Getting your products into FBA warehouses

If you have used Seller Central before, you will probably be familiar with this aspect of shipping from China to Amazon FBA. For this section, we have taken the relevant excerpts from our ‘how to start an Amazon FBA business’ guide to walk you through the steps to creating a shipping plan and getting your stock into the correct warehouses:

1. Hover over the ‘Inventory’ menu and click ‘Add a Product’:

2. Search for your product by name, UPC, EAN, ISBN or ASIN number

3. Select the item you wish to sell and click ‘sell yours’

4. Once you’ve selected your product, you will be taken to a new screen that asks for important information such as:

  • Offering price.
  • The condition of your item (new, used or collectible and the state of it if used).
  • Whether you want Amazon to ship the item (FBA), or if you are going to handle fulfilment yourself.
  • Quantity available (if you decide to look after fulfillment yourself).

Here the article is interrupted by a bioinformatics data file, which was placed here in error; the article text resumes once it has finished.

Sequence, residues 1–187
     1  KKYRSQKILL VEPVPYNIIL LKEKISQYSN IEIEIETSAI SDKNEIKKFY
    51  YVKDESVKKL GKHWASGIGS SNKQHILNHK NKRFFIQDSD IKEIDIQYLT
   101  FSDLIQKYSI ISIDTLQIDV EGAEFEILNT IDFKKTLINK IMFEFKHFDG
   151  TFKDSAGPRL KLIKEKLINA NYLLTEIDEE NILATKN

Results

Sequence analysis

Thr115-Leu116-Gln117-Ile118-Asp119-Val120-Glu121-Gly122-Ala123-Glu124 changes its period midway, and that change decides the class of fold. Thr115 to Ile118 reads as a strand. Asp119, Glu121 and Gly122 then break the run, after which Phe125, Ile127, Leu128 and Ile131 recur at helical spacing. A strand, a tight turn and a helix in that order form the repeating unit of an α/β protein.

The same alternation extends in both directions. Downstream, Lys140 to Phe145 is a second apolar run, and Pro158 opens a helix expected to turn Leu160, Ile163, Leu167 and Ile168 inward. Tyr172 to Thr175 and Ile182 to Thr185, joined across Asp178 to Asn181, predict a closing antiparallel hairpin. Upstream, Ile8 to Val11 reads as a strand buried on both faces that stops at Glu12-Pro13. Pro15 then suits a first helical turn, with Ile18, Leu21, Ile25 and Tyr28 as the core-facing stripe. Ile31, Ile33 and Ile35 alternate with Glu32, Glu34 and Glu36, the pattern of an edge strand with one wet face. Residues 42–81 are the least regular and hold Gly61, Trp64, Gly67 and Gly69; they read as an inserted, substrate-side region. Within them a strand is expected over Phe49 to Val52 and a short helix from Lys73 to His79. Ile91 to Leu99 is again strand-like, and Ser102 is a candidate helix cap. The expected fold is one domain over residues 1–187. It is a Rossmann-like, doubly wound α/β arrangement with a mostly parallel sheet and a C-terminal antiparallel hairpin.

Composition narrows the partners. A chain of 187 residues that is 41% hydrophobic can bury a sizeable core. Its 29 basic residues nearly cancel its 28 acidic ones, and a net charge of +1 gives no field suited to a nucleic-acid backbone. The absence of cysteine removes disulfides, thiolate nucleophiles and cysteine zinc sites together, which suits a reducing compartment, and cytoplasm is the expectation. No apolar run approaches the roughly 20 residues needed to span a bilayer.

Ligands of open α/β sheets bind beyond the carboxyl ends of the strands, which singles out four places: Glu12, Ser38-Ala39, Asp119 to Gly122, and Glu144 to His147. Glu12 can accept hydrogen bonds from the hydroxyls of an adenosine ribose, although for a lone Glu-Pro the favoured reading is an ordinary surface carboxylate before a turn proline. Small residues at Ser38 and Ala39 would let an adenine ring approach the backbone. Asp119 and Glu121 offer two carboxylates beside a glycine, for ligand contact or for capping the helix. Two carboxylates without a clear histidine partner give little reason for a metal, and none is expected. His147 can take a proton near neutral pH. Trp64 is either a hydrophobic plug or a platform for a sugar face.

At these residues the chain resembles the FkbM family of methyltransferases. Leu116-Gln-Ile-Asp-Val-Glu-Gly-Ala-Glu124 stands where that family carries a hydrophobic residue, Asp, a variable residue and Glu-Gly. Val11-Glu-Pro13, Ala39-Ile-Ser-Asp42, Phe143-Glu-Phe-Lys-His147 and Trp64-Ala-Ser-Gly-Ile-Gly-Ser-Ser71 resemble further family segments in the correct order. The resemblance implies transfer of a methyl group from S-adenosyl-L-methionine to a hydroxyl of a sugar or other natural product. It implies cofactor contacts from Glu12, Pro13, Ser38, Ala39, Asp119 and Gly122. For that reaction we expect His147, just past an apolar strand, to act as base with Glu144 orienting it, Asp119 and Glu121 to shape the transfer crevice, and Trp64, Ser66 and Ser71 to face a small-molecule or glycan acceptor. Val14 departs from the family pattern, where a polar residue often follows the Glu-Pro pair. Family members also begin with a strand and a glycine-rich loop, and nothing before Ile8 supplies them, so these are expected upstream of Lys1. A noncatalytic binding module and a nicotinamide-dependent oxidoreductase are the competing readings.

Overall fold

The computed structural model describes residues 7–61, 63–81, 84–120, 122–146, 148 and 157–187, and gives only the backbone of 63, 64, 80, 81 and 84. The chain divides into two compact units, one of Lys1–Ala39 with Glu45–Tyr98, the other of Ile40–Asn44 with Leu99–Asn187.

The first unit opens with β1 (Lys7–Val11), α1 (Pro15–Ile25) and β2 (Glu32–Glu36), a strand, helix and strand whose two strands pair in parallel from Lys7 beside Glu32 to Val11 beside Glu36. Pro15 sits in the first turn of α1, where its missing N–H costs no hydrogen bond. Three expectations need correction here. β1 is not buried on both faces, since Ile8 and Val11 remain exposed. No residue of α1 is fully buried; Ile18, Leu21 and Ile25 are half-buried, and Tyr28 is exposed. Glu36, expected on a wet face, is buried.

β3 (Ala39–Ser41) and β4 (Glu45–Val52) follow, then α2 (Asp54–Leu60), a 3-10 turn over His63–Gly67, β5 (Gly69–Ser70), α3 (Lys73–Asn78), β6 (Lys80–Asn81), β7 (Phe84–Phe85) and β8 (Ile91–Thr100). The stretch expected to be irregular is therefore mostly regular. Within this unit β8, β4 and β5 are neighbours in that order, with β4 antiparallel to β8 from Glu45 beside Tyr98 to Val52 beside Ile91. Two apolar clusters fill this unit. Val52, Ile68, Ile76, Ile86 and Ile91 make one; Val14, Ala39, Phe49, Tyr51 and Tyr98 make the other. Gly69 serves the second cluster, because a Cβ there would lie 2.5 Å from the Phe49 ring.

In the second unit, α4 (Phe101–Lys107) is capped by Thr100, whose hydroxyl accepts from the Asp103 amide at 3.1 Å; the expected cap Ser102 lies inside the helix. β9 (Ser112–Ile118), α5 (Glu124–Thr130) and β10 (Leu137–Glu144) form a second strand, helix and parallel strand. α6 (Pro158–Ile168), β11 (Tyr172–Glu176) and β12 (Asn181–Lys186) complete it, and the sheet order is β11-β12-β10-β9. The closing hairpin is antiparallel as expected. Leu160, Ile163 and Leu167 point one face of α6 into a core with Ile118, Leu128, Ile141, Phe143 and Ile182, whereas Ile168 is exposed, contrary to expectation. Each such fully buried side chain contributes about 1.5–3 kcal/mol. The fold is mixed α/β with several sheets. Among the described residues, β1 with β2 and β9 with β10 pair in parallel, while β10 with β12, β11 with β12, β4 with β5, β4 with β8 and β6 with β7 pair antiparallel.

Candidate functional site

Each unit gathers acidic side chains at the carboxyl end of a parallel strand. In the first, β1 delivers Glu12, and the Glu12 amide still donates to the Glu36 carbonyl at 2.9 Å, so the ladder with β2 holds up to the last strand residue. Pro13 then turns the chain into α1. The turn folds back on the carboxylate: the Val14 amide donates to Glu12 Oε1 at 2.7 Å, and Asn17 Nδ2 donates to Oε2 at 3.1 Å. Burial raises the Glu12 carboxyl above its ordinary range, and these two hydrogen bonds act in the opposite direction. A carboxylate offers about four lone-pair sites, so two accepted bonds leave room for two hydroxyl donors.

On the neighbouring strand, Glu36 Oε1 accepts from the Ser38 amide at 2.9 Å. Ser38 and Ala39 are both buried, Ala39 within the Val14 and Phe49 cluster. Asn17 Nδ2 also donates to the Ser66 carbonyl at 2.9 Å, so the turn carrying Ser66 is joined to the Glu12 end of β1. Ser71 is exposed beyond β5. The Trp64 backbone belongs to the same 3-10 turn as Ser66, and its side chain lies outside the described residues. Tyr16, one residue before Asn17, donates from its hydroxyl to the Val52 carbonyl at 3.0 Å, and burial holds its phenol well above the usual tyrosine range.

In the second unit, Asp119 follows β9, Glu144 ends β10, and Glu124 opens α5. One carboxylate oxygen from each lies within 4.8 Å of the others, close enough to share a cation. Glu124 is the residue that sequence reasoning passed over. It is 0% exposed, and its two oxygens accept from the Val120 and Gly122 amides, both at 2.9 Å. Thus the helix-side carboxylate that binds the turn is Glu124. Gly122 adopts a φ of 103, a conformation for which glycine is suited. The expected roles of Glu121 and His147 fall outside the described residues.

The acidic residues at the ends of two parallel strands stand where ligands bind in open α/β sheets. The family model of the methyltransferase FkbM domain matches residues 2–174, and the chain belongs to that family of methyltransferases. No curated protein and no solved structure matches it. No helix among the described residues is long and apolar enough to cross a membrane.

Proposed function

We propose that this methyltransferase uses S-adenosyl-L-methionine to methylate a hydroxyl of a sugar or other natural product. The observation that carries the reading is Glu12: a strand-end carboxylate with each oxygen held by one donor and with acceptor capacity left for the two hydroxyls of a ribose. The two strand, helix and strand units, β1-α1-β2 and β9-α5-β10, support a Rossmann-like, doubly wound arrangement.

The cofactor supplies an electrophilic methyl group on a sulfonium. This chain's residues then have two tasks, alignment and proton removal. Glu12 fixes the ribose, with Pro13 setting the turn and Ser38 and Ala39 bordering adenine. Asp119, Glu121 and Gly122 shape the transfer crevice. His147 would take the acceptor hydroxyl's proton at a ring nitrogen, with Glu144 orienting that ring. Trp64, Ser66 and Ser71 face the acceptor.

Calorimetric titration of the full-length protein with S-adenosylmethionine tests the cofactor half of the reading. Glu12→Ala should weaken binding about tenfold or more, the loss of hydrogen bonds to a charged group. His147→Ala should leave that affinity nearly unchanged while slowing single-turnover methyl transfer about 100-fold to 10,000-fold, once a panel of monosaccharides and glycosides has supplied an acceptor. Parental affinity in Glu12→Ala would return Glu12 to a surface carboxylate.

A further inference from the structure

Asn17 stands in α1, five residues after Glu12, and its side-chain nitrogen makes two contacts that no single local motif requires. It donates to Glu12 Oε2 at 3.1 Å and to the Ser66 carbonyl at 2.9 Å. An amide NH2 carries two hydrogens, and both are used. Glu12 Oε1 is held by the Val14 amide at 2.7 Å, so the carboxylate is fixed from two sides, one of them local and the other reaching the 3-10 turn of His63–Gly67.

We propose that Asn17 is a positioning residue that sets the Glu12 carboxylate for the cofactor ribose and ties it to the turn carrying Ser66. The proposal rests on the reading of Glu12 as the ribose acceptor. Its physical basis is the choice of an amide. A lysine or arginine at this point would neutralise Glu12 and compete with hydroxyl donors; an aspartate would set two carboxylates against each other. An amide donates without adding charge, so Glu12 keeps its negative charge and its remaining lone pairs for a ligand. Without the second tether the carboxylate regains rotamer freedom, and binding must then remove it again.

Note: if this is your first time using FBA, you will be taken to a registration screen – to proceed, read and accept the terms of service.

5. Choose barcode type: Amazon requires a scannable barcode on each item. This can either be the manufacturer’s barcode that is already on the unit, or you can print Amazon barcodes from within Seller Central.

6. Select either ‘individual products’ or ‘case packed products’ and continue to shipping plan. If you’re sending multiple different items in the same box, then select ‘individual products’. If the boxes you are sending contain the same items, then select ‘case packed products’.

7. Select how many units per case, and how many cases you are sending to FBA. Click ‘Continue’ to proceed.

8. Let Amazon know who is going to prep your products – you can either do it yourself or Amazon handle this for you (at an added cost). Click on the ‘prep required’ and ‘prep may be required’ tabs for further guidance.

9. Print FNSKU (fulfilment network stock keeping unit) barcodes to stick on your products. If your product is eligible for tracking with the manufacturer barcode, then you don’t need to do this.